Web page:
First off, I want to say thank you to Games Workshop for sending me the Eldritch Omens box to review. When a company like this sees fit to send something your way, you want to do it justice, and write a review that is honest, helpful and insightful. While heaping praise on successes, it is the responsibility of any reviewer to also call out the failures of a product. When one has a professional relationship with any company, it’s always a little hard to be too critical, but you never want to look like you’re towing the party line either. And it’s that dichotomy that makes this particular review so difficult for me.
I love this box.
I don’t throw those words around lightly, and while I strive for some balance in my reviews – even when GW are knocking it out of the park, I try to find a little cloud in their blinding-light-emitting and enormous silver linings. But with Eldritch Omens, I’ve got nothing. Now, I could spend some time waffling about the beautiful box art (and it is pretty), or the wonderfully compact slenderness of the box, but we both know that with this box, none of us really care about that. I’m not selling the designers and artists short – they did an A* job too – but this is all about the miniatures, so let’s just get straight to it.
I am a natural heretic when it comes to 40k. I have worked on three different Emperor’s Children armies over the years and a Death Guard army too back in the day, so while I rarely consider myself an expert in most things, I definitely think of myself as a wise old soul when it comes to Chaos Space Marines. And this is a box that makes my heretical heart sing.
If we’re being honest, the least exciting thing in this box is the Forgefiend/Maulerfiend, but that’s just because it’s the only thing we’ve seen before. While its presence here isn’t getting the gasps that the rest of the box delivers, it’s still a wonderful kit. A massive monster that can either be built to destroy enemies at long range, or bound into the fight and smash up most things that get in its way. I’m a huge Maulerfiend fan myself, so you can probably guess which way I’m leaning, but this is a useful tool for any CSM army to have in its ranks however it’s built. Even with this now relatively old kit, you get options, and the reason this review has the title it has is because everything has options and lots of them, and I love that.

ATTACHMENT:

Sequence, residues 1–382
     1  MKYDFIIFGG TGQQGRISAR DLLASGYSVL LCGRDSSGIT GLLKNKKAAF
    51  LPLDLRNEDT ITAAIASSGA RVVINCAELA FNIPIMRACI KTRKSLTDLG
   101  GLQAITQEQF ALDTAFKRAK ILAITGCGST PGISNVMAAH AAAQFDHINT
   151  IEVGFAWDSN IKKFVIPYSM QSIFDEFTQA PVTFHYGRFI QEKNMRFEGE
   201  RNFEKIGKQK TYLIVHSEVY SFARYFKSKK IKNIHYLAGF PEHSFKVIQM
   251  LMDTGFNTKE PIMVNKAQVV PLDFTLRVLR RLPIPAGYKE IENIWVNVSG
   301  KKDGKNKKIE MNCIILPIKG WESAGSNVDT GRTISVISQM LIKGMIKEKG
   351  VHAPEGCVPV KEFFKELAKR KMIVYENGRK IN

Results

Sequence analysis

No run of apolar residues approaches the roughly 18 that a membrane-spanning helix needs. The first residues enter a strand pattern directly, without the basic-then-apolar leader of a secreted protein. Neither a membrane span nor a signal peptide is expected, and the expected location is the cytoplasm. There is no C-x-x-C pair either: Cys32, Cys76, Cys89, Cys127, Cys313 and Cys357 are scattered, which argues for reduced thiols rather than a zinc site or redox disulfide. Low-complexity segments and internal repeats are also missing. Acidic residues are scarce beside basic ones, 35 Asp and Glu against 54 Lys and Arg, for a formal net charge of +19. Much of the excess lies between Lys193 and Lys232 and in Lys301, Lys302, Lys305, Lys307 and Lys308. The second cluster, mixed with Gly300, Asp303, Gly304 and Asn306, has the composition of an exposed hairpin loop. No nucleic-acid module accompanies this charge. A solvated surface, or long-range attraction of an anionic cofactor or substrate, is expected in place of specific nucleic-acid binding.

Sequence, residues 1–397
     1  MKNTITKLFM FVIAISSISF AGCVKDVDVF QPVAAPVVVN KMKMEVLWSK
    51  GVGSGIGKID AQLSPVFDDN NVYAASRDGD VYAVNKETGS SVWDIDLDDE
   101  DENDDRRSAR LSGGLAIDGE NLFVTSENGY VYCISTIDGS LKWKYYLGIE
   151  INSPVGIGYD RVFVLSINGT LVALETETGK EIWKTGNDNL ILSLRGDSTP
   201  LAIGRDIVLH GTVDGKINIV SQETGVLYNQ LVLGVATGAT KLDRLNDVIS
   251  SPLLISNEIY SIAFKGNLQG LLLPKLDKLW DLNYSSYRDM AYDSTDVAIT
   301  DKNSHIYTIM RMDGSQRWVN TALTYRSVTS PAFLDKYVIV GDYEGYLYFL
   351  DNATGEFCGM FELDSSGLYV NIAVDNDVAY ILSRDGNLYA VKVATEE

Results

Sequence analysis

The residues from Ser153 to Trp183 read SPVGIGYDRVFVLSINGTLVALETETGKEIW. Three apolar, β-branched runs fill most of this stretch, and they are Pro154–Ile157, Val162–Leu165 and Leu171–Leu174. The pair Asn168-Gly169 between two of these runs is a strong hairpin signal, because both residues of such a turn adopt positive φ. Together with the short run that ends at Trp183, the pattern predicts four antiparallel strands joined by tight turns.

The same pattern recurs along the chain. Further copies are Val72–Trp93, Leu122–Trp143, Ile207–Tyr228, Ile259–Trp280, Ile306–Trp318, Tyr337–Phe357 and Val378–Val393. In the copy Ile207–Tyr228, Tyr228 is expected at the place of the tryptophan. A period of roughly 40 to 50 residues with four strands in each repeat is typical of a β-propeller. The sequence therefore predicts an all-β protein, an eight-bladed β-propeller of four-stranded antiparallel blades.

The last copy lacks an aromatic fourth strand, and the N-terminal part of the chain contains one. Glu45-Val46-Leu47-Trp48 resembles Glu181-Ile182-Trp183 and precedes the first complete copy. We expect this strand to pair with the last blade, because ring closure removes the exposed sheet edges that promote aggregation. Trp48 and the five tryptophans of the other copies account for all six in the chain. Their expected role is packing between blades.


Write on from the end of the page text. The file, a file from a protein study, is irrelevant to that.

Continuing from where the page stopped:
Then there’s the chosen. I remember picking up the last batch of Chosen that came in a big box and I was a little annoyed by their monopose builds and unhelpful loadouts, but in Eldritch Omens, these chaps are almost perfect. There are more options here, allowing you to build a cheaper bolters and chain-blades unit, but if you want to sink a lot of points into your Chosen, you can equip them with power weapons, lightning claws, a combi-weapon and some plasma pistols too. What’s more, it would be very easy to give them more specialised shooting weapons too if you had a CSM sprue to mix in.
Then there’s the Warpsmith, a character who, in the past, never did anything for me. I’ve never built or painted this type of bad-guy-techmarine before, mainly because I wasn’t a massive fan of the old mini. But this one has changed my mind. He looks as dynamic, as his tendrils look demonic, and if you are taking big armoured things (like the aforementioned fiends) he’s helpful too. I’m sold – this box has already sold me on a character I never liked! But even this character is going to be overshadowed by the other half of the box…